’03 alum to be added to Board

On Monday, the Milwaukee County Board of Supervisors will inaugurate its youngest female board member ever.

Marina Dimitrijevic, a 2003 graduate of Marquette, celebrated her 23rd birthday Wednesday. Dimitrijevic was elected April 6 to represent the fourth district, a district she has lived in all of her life except while attending Marquette.

Professor of political science Janet Boles, who knows Dimitrijevic, said Dimitrijevic's youth and gender may be the biggest challenges she'll face as a county supervisor.

"Men tend to be judged on their potential," Boles said. "Women tend to be judged on past experience. She has no past. Eleven months ago she received her bachelor's degree in political science and Spanish from Marquette."

And 11 months ago Dimitrijevic was still unsure about what her next move should be when she graduated.

"Stupidly, I thought when I graduated everyone would know and be knocking on my door and calling," she said.

She was disappointed, however. She said she spent a couple of months in a transitional period, not knowing what to do.

Eventually she was picked up by Friebert, Finerty and St. John, a law firm in Milwaukee where she worked as a paralegal until being elected. Despite the months of uncertainty which saw Dimitrijevic consider entering the Peace Corps, Dimitrijevic said she knew from day one at Marquette that she wanted a career in politics.

"When I got to Marquette, the first day I declared political science (as a major) because I just loved politics," she said. She said she knew then she wanted to work in the field, but wasn't sure where.

During her senior year Dimitrijevic studied in Washington, D.C., at Marquette's Les Aspin Center for Government, where she finally decided she wanted to hold an elected position.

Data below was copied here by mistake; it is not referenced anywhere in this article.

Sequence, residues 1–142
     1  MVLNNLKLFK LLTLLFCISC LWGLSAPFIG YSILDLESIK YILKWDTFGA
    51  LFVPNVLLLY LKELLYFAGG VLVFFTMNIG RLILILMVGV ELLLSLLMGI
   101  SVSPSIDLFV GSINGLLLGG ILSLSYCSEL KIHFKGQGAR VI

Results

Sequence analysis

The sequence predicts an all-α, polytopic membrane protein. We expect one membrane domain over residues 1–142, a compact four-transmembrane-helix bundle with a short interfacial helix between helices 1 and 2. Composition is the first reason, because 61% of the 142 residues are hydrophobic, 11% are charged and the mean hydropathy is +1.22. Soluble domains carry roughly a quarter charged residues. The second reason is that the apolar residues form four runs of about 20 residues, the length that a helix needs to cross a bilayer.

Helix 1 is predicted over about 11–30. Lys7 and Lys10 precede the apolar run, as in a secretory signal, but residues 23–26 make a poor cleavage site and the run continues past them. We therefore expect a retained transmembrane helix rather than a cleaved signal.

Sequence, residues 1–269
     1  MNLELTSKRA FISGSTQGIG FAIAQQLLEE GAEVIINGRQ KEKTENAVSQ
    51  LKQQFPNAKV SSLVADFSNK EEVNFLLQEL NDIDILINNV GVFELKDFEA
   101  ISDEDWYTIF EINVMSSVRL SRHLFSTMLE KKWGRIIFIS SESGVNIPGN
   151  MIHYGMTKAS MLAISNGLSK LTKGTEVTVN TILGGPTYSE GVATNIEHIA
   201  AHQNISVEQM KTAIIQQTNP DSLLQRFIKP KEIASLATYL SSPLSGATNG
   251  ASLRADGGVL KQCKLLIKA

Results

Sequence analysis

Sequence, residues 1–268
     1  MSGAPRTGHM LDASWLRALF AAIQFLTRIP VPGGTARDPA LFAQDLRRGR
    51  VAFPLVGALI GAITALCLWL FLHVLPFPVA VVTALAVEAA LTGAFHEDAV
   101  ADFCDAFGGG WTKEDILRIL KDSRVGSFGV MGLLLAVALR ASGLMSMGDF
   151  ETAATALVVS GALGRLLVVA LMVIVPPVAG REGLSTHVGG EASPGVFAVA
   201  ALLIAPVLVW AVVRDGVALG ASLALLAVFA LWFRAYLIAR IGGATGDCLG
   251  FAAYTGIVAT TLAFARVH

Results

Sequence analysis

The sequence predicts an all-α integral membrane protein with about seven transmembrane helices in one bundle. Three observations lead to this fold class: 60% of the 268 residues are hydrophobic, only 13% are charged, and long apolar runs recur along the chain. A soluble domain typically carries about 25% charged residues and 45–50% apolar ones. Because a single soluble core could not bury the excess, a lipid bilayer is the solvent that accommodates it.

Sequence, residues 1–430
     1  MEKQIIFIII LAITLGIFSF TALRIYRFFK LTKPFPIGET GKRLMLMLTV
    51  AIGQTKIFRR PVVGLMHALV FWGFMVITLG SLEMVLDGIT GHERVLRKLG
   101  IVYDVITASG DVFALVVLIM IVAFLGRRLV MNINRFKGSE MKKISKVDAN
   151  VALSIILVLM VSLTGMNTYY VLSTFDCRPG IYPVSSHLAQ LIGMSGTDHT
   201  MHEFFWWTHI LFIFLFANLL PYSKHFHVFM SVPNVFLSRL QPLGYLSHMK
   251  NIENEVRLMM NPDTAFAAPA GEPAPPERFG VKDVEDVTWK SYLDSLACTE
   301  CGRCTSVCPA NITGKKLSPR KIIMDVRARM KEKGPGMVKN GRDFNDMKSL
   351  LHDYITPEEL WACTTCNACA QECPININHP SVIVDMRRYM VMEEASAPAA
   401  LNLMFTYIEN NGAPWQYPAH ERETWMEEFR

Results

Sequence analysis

"I never thought I'd do it this young," she said, but "the thing in politics is seats don't open up that often."

The district itself is a combination of four old districts, created after recent re-districting. The supervisors who represented the old districts were not seeking re-election, so the spot was open.

While at the Les Aspin Center, Dimitrijevic worked as an intern in the office of Congressman Jerry Kleczka, who represents the south side of Milwaukee. She said networking was an advantage while in Washington, which proved true when Kleczka endorsed her.

"On the south side of Milwaukee, his endorsement is just phenomenal," she said. Dimitrijevic said the semester in Washington also helped her learn "consensus building."

Dimitrijevic said she is quite liberal and had to work and go to school with many conservatives in Washington. She learned how to work with people of different political views, which is important when holding office.

Another important skill she acquired at Marquette is proficiency in the Spanish language. As a sophomore, Dimitrijevic studied in Spain for a semester. The fourth district is 31 percent Hispanic.

"Knowing Spanish and speaking Spanish fluently is probably the main reason I was elected to this position," she said.

Her grassroots campaign for the county board involved a lot of door-knocking.

Dimitrijevic said many people she communicated with spoke English but preferred Spanish. She said they were impressed when she could accommodate.

Perhaps starting her campaign four months before any of her opponents also helped.

"Hers was truly a textbook campaign," Boles said. "She did everything right."

Boles said Dimitrijevic was a "well above-average student," which will help her as a supervisor.

Professor Lowell Barrington agreed. Barrington, a professor of political science who had Dimitrijevic in several classes during a two-year period, said she always searched for a way to connect the theoretical class material "to practical politics and the real world."

He said she faces a challenge "as anyone would have, learning the official rules and the unofficial rules" of the position.

"I'm a rookie," Dimitrijevic said. "I have to be very humble and leave it to the veteran supervisors to mentor me." She said anyone's first term is always the hardest, but she anticipates hers being even more difficult with the county's budget problems.

She said she wants to protect and improve the parks system, and will fight to keep crucial county services such as welfare programs and mental health programs.

"That's what I love about local government," she said, "You really affect people's lives."